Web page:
This is the same radio station, with several options and a multitude of variations. They are all valid. Option 1 has the best chance of finding new listeners that are unaddressed by other stations. Option 2 has the lowest chance of failure due to lack of demand because it is attempting to exploit a known group of listeners, and option 3 has the highest potential to become dominant in a new niche (if it exists).
The engineering concepts here that can be applied are Signal-to-Noise, and Q-factor.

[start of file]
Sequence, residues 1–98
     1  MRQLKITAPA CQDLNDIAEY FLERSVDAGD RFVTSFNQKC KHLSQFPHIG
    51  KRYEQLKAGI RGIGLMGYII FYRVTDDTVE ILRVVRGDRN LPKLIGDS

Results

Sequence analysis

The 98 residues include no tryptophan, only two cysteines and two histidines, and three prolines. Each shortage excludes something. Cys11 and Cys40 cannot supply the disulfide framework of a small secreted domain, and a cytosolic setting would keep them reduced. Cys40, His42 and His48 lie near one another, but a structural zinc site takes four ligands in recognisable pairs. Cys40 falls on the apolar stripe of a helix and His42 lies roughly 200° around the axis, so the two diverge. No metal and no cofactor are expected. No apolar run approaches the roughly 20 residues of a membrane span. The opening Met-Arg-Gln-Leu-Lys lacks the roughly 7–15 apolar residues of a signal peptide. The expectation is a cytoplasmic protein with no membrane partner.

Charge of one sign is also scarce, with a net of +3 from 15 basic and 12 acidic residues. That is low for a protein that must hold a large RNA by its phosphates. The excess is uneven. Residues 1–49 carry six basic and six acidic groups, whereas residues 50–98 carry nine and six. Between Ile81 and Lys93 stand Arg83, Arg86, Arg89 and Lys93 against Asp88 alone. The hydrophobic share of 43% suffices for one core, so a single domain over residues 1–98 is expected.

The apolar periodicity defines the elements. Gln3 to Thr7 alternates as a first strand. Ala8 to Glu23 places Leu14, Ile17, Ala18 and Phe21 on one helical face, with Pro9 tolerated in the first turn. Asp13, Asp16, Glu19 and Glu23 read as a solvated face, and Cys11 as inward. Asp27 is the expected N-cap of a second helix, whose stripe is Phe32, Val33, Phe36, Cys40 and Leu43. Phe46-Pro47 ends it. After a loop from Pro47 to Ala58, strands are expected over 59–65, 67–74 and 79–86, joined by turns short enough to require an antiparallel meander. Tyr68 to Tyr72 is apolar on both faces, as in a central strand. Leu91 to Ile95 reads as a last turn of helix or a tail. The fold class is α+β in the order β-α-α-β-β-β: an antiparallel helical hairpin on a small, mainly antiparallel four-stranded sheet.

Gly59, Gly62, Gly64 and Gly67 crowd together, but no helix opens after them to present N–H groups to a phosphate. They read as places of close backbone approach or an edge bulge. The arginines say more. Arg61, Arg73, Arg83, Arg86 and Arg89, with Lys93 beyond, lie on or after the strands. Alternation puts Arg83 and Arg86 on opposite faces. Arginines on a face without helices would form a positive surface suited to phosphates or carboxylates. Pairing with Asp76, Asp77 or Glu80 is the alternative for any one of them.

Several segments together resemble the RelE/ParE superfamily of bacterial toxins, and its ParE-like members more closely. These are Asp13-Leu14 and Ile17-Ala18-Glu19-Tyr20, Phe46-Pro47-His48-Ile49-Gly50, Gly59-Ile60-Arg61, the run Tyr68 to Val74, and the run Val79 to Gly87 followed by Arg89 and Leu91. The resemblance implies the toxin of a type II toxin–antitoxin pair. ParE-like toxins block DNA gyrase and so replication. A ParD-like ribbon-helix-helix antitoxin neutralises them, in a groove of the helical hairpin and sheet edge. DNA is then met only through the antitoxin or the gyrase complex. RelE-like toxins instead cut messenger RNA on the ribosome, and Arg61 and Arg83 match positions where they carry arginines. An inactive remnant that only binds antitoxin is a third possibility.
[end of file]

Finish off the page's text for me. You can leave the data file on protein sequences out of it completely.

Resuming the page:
Signal-to-noise is simply how well your offering is heard. Option 3 has the biggest signal power, with no surrounding stations (noise). It also has a very high Q-Factor, which is the measure of how pointy the spike is. Option 1 has the lowest Signal-to-noise (SNR) and the lowest Q, since it’s point is more of a plateau. Option 2 has a high Q, but since it is overlapping another station (noise) it has a low SNR. The colloquialism “making a point” has a lot in common with this – you have to be loud enough to be heard above everyone else in the room, and specific enough to be understood clearly.